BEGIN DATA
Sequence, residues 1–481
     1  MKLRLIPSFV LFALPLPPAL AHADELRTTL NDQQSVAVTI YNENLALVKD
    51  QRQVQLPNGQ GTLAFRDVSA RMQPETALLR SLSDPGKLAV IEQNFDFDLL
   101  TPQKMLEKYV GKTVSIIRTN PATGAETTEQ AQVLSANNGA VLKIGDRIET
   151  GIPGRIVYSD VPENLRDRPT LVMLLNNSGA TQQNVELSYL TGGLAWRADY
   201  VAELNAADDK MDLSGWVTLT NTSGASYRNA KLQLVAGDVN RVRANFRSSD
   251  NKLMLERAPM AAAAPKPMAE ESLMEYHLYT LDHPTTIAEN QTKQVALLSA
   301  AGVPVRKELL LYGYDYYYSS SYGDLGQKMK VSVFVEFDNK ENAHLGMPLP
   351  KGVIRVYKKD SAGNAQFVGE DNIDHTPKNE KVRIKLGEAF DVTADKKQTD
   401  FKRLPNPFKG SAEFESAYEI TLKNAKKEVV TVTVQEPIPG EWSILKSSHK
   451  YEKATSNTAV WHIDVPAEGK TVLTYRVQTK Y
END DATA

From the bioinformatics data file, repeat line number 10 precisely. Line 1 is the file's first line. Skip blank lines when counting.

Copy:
   401  FKRLPNPFKG SAEFESAYEI TLKNAKKEVV TVTVQEPIPG EWSILKSSHK